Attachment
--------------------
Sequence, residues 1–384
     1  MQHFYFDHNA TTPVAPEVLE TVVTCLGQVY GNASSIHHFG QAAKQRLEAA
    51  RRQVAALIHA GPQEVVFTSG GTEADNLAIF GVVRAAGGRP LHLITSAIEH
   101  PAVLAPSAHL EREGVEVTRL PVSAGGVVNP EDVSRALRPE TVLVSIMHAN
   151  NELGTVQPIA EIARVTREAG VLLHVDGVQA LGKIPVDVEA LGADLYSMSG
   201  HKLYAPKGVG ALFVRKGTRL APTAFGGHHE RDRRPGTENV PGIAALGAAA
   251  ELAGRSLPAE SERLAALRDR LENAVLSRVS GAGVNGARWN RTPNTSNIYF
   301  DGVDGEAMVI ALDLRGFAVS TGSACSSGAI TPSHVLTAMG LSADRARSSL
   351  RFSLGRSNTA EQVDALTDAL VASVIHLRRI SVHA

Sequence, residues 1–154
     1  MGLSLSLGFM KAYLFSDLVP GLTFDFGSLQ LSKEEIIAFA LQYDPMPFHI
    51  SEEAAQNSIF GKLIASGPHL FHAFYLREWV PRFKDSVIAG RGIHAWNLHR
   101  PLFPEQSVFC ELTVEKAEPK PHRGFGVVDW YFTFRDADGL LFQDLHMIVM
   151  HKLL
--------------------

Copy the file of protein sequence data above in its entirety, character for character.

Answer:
Sequence, residues 1–384
     1  MQHFYFDHNA TTPVAPEVLE TVVTCLGQVY GNASSIHHFG QAAKQRLEAA
    51  RRQVAALIHA GPQEVVFTSG GTEADNLAIF GVVRAAGGRP LHLITSAIEH
   101  PAVLAPSAHL EREGVEVTRL PVSAGGVVNP EDVSRALRPE TVLVSIMHAN
   151  NELGTVQPIA EIARVTREAG VLLHVDGVQA LGKIPVDVEA LGADLYSMSG
   201  HKLYAPKGVG ALFVRKGTRL APTAFGGHHE RDRRPGTENV PGIAALGAAA
   251  ELAGRSLPAE SERLAALRDR LENAVLSRVS GAGVNGARWN RTPNTSNIYF
   301  DGVDGEAMVI ALDLRGFAVS TGSACSSGAI TPSHVLTAMG LSADRARSSL
   351  RFSLGRSNTA EQVDALTDAL VASVIHLRRI SVHA

Sequence, residues 1–154
     1  MGLSLSLGFM KAYLFSDLVP GLTFDFGSLQ LSKEEIIAFA LQYDPMPFHI
    51  SEEAAQNSIF GKLIASGPHL FHAFYLREWV PRFKDSVIAG RGIHAWNLHR
   101  PLFPEQSVFC ELTVEKAEPK PHRGFGVVDW YFTFRDADGL LFQDLHMIVM
   151  HKLL